Saturday, January 28, 2012

Stefan Senders: Break bread, not shale!

Poppy seed bread by Stefan Senders
Trumansburg, NY


Break Bread, Not Shale!

Yesterday, along with Thor Oechsner, Neal Johnston, Sandra Steingraber, and a host of others, I spoke at the Anti-Hydrofracking Day of Action in Albany. We distributed almost 200 loaves of bread to the assembled crowd, and then we marched, led by a crowd of chanting, bread-carrying farmers, to Cuomo's office. Here is what I said:
My name is Stefan Senders, and I am a baker. Beside me are Thor Oechsner, an organic farmer, and Neal Johnston, a miller. We work together.
Today we bring bread to Albany to intervene in the self-destruction of the great State of New York. We come, Farmers, Bakers, and Millers, to remind our state and our Governor, Andrew Cuomo, that despite the promises of industry lobbyists, the exploitation of Shale Gas in New York is bad and broken economy of the worst kind.
This bread is the product of our community and our farms. The wheat, grown, tended, and harvested by our local organic farmers, is fresh from the soil of New York. The flour, ground in our local flour mill, is as fine as concerned and caring hands can make it.
To resurrect a term long since emptied by advertisers, the wheat, the flour, and the bread are wholesome: they bring our communities together, give us work, nourish us, please our senses, and make our bodies and our land more healthy.
This is good economy. It is wise economy. It is a steady economy that nourishes the State of New York.
We know that for many New Yorkers, Fracking sounds like a good idea. We have all heard the fantastic tales: Fracking, it is said, will save our state from financial ruin, release us from our dependence on “foreign oil,” and revive our rural economy by bringing cash, if not fertility, to our once vibrant farmland.
For politicians, these stories of money and growth are hard to resist: the numbers are large, deficits are unnerving, and elections are expensive.
For many farmers and land-owners, the promises of cash are dizzying, and to risk the land’s fertility to extract gas is only one step removed from risking the land’s fertility to extract a few more bushels of corn or soybeans.
But farmers might know better.
Farming has not always been, and need not be, an extractive industry. There was a time when farmers worked with a longer view, keeping in mind their role as stewards and caretakers of the land. That long view is the farmer’s wisdom, and it is as good and wise today as it ever was.
The promises of the gas industry are demonstrably false, and they miss what farmers know well: There is no independence that does not demand care and responsibility. There is no quantity of cash that can restore fertility to a poisoned field. There is no adequate monetary “compensation” for poisoned water. There is no payment, no dollar, no loan, that can restore life and community to a broken world.
Our work and the work we provide others—on the farm, at the mill, and at the bakery—depends on fertile soil, pure water, and a viable community. All of these are put at risk by Fracking.
What happens to our land in an economy bloated by gas exploitation? Prices rise, rents rise, and good arable land becomes scarce as acres once leased to farmers are set to quick development schemes—flimsy housing, storage barns, parking lots, and man-camps.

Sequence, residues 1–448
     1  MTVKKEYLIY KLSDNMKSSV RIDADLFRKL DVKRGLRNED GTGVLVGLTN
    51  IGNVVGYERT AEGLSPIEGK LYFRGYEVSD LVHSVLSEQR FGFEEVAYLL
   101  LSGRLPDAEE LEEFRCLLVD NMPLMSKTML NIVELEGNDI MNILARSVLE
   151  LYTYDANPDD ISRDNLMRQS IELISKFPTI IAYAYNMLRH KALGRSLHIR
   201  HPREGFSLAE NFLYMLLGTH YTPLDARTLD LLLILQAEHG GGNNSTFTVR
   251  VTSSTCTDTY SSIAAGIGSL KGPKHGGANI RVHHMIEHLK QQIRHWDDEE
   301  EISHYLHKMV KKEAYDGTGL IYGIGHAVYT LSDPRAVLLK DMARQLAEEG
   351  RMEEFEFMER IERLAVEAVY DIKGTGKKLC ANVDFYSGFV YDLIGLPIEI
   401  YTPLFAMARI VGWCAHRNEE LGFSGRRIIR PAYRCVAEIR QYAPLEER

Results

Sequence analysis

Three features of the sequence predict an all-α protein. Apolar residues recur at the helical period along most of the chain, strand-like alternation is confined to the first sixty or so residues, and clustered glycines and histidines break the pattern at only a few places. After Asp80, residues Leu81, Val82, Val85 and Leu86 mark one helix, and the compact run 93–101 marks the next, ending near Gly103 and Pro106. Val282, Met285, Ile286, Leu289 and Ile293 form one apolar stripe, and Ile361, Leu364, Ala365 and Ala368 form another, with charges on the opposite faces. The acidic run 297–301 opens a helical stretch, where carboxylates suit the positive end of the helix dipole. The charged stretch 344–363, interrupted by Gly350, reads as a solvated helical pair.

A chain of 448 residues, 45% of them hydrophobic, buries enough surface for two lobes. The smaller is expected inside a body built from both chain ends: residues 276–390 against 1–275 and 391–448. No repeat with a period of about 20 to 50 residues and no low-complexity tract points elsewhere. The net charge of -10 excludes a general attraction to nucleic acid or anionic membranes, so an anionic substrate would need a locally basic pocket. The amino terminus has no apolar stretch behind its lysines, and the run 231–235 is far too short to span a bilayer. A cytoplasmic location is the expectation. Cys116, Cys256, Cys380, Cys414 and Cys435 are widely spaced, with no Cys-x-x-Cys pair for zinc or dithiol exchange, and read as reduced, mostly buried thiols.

And what happens to our water when gas exploitation takes over? Storage pools, as safe as the Titanic was unsinkable, overflow, contaminating the soil; inevitable leaks in well-casings allow gasses and Frack-fluids to pass into our aquifers, into our bodies, and into the bodies of our children.
And what happens to communities held in thrall to gas exploitation? As we have seen in other parts of the country, the boom-bust cycle of the petroleum economy fractures communities, undermining our capacity to act wisely and civilly.
With every boom, a few get rich, a few do better, but all are impoverished. For every hastily built motel there are dozens of apartments with rising rents; for every newly minted millionaire there are many dozens who see nothing but the pain of rising costs and receding resources. For every short-term dollar there are hundreds in long-term losses that can never be recouped. To go for gas is to go for broke.
With this bread we are here to remind you that there is another economy, one that works.
This bread symbolizes a commitment to the health of New York State. It embodies the knowledge that good work, not a gambler’s dream, is the basis of a sound and sustainable economy.
This bread symbolizes the farmer’s simple truth that without fertile soil, without pure water, and without strong community, we go hungry.
This bread reminds us all that the promises of gas exploitation are empty: What are we to grow in fields broken by the drill and tilled with poison? What are we to feed our children when our water and wheat are unfit? Shall we grind money to make our bread?
We do have a choice. We need not poison our land to live. We need not taint our water to drink. We need not sell our future to finance our present. These are choices, not inevitabilities.
With this bread we say: take the long view; pay attention to the health of the soil and nourish it; treasure pure water; remember the value of your community and keep it whole.
If something must be broken, let it be this bread, not shale. Break bread, not shale!

Sandra Steingraber buys bread for her family from this baker.  She spoke at an anti-fracking rally in Albany, NY, January 23rd, and had this to say:
"There is no quantity of cash that can restore fertility to a poisoned field. There is no adequate monetary 'compensation' for poisoned water. There is no payment, no dollar, no loan, that can restore life and community to a broken world."

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